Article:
inheritance-tax-blog

Paying Taxes on an Inherited Property in Texas

Inheriting a property can be a complicated and overwhelming process, especially if there are taxes owed on the home. From federal estate taxes to property taxes—there are different laws and tax exemptions depending on the state. Here is a quick guide to help you navigate paying taxes on an inherited property in Texas:

Capital gains taxes – These are taxes paid on the appreciation of any assets that an heir inherits through an estate. When you inherit a property, the IRS applies a stepped-up cost basis, which is a tax code that resets the price of the property or asset to its value the day that you inherited it. If you sell your property immediately after you inherit it, you will not owe capital gain taxes.

State estate taxes – The estate tax is a tax that is paid from the estate of the deceased person before it is passed on to the heirs. The state of Texas does not have an estate tax, it is one of the 38 states with no estate tax. So, Texans will not have to pay the estate tax to the state, but some may have to pay the federal estate tax.

Federal estate taxes – There is a 40% federal estate tax; however, this tax is only applicable to estates worth $11.7 million for deaths in 2021 and $12.06 million in 2022. In other words, if an estate surpasses that number, any value above that mark is subject to the federal estate tax. Estates worth less than that pay nothing to the federal government.

Property tax – If you inherited a property in Texas with property taxes on the home, the legal heir or individual inheriting the property will be responsible to pay off all property taxes and relevant penalties owe. These taxes may be substantial, especially if the taxes had been deferred for many years prior to the inheritance.

Options for Paying Delinquent Property Taxes on an Inherited Property

If you’ve just inherited property in Texas and find out there are property taxes owed, it is important to quickly assess your options before late fees and penalties increase. Here are a few options for paying your property taxes on an inherited property:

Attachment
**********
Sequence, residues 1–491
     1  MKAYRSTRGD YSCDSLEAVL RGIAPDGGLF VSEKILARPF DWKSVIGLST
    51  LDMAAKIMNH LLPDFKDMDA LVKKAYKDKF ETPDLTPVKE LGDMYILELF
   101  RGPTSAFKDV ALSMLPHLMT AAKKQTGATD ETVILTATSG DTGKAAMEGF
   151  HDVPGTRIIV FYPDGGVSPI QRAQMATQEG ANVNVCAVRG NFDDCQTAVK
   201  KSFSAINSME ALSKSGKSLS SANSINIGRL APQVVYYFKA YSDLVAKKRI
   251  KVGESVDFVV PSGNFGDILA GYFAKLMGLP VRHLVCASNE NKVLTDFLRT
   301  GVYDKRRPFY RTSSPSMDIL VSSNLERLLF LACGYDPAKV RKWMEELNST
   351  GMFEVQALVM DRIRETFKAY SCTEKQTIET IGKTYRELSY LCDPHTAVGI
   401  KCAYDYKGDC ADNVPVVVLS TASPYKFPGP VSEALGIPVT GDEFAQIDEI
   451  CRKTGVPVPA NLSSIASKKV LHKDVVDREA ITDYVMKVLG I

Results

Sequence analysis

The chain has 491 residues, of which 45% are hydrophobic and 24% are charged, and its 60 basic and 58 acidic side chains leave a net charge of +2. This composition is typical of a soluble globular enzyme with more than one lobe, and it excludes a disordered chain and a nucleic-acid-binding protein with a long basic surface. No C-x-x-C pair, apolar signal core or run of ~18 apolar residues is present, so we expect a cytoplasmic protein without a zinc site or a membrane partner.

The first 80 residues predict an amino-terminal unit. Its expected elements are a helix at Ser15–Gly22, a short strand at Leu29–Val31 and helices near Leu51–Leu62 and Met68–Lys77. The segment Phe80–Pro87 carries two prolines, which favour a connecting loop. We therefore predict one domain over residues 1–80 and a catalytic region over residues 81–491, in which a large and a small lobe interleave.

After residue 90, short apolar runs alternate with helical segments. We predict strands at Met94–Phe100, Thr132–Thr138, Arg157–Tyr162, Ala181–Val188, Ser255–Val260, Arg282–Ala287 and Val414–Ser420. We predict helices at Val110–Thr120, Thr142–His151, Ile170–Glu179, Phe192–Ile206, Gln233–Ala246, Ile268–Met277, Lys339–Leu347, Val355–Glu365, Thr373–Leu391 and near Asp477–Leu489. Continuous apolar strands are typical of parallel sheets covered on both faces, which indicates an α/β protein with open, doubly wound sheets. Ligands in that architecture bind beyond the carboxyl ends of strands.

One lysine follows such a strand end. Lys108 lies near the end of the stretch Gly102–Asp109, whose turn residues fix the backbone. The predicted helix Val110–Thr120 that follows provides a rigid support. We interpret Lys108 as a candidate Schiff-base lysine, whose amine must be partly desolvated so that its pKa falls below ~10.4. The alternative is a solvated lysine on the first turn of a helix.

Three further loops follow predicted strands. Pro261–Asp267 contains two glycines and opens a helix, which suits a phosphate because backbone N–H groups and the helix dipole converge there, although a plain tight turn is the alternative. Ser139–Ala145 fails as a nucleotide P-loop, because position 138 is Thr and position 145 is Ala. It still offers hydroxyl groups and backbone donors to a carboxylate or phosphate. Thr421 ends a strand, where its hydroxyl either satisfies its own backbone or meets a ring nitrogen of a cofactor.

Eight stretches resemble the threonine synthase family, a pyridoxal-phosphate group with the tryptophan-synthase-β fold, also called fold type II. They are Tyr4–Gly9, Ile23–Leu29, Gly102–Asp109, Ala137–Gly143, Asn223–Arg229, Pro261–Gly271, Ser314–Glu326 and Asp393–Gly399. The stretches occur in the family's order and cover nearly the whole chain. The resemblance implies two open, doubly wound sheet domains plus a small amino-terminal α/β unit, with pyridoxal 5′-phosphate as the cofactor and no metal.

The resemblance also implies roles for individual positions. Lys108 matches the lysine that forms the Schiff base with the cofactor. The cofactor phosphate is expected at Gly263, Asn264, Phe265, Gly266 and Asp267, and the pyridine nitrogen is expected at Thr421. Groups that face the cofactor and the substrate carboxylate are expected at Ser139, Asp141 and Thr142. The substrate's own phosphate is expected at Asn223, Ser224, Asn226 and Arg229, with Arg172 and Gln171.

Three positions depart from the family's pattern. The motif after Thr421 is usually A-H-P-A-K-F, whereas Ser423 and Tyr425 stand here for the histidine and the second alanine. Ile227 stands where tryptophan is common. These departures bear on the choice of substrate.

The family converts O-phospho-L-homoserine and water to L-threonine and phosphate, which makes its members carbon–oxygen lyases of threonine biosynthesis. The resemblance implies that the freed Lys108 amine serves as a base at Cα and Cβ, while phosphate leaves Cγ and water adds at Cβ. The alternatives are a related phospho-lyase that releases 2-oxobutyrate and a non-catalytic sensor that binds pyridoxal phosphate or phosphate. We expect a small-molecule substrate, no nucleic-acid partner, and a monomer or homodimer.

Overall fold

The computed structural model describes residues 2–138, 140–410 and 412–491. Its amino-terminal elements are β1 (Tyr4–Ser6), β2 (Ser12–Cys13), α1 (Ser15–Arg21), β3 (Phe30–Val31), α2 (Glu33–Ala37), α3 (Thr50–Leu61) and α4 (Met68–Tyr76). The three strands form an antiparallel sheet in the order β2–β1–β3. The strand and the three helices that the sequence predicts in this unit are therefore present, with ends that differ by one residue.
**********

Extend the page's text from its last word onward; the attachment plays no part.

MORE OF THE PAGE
Sell the Property – Many people sell their inherited property quickly so they can use the proceeds to pay any property taxes, penalties, and interest that’s owed on the home while retaining any profit.

Rent the Property – Another option is to rent the property as an added form of income. However, it may be difficult if you have never rented out a home before or if you live in another area. In this case, you would need to hire a landlord to manage your property for you. Either way, you will still owe property taxes on the home and it’s important to pay them off as soon as possible to avoid fees.

Secure a Property Tax Loan – If you choose to stay at the property you’ve inherited as your primary residence, you’ll want to pay off the property taxes and any fees quickly. A property tax loan offers greater flexibility than a credit card because helpful loan officers can work directly with you to customize a repayment plan that meets your needs. Property tax loans offer the convenience of potentially lower interest rates and repayment on a schedule that accommodates your unique situation all while leaving your credit card open for other needs or emergencies that may arise. Contact us today so we can work together on a plan to take control of your property taxes.